|Mia Wasikowska & Michael Fassbender in W Magazine|
Weapons and armour may not be the first thing which comes to mind when you think about fashion, but designers have been taking inspiration from them for years. It's an inescapable part of human nature that we fight with each other, and unpleasant as violence may be, it also gives rise to some of the most interesting aspects of our culture. Consider for example the military trend, which seems to recur at least every other Autumn/Winter. It wouldn't exist without armies and their uniforms.
The most common incarnation of this trend is an influence stepping across from old menswear to modern womenswear, bringing big shoulders, statement buttons and boxy masculine shapes with it. But this is by no means a modern fashion invention. At a recent talk by fashion historian Amber Jane Butchart, I learnt that women during the time of the Napoleonic wars were keen to incorporate military fashions into their own clothes. Ladies would wear 'Spencer' jackets, (cropped outer layers), often in a red shade reminiscent of the jackets worn by the militia and featuring braiding, buttons or other army-like details. This was a way of showing solidarity with husbands and male relations who were fighting in the wars, and also to an extent showed their patriotism.
Similarly, masculine military styles filtered into mainstream womenswear during the Second World War. This time though, it was more about practicality and showing yourself able to keep calm and carry on. Even very feminine items like floral dresses took on a broad-shouldered shape, in what could be considered a statement of female power. After all, many women took on new roles like ambulance-driving while the men were off fighting.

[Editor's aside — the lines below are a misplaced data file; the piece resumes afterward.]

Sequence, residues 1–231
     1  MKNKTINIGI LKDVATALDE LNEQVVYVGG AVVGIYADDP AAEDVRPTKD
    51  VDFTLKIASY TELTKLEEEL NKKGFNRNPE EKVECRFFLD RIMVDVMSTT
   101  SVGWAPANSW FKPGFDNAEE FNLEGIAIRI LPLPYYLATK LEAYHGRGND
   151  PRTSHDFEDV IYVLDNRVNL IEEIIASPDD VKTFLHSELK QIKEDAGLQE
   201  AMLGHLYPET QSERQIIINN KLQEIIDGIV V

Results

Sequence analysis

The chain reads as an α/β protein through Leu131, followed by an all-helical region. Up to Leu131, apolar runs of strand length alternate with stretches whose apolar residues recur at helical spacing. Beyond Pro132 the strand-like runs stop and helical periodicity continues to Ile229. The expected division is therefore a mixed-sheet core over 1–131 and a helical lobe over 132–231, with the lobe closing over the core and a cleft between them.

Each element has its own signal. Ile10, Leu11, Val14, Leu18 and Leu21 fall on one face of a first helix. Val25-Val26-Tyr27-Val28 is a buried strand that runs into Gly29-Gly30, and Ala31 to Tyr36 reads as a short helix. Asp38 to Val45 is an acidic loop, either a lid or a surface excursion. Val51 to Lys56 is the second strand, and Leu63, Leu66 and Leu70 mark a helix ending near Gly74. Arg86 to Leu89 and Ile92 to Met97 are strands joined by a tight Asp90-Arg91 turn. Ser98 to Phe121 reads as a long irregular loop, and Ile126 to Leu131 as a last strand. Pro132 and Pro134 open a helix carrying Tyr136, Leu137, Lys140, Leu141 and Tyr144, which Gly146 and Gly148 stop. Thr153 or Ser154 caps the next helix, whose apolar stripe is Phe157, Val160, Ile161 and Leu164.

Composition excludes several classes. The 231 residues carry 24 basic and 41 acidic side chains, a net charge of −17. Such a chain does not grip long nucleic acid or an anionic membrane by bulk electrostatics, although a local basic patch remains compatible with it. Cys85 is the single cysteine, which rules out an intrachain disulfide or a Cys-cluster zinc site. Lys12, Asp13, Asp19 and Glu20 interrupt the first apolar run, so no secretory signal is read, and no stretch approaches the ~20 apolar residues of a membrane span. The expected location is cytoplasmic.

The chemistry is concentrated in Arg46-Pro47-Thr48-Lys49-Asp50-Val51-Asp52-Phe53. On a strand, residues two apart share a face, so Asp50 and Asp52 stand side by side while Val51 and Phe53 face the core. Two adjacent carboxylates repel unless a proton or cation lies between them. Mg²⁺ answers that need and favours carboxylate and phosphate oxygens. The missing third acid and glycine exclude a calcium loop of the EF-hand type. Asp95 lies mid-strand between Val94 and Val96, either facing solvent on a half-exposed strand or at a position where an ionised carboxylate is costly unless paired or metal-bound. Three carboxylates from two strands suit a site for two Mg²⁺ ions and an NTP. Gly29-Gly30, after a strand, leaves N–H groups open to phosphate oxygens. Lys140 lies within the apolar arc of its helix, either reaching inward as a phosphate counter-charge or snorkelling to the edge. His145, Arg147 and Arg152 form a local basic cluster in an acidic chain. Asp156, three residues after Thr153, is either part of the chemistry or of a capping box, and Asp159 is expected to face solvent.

Furthermore, weapons can influence the way people have dressed through the ages due to practicality as much as anything. In the court of Queen Elizabeth I, there was at one point a law forbidding men to wear cloaks, as this would prevent them from reaching their swords quickly if the need to defend the queen arose.
Another need created by weapons is that of defence. Thus, armour and shields could be equally important. In The Aeneid, Venus persuades her husband Vulcan, god of fire, to forge a shield for her son Aeneas so that he might win a war and gain a new land for his people. Not only does this shield save him from potentially-deadly blows in battle, it also depicts the future of his people, as Aeneas is destined to found the beginnings of the Roman Empire.
|painting by Batoni|
Though the image of a woman's body almost totally covered by chainmail is somewhat disturbing, (and, some at the time argued, misogynistic), it can also be interpreted as giving the wearer a protective layer from the world. It is also beautiful in a very haunting way, and though not exactly wearable, very admirable as a piece of art.
In short, images of combat represent violence, pain, and death. But equally they can show strength, courage, and victory.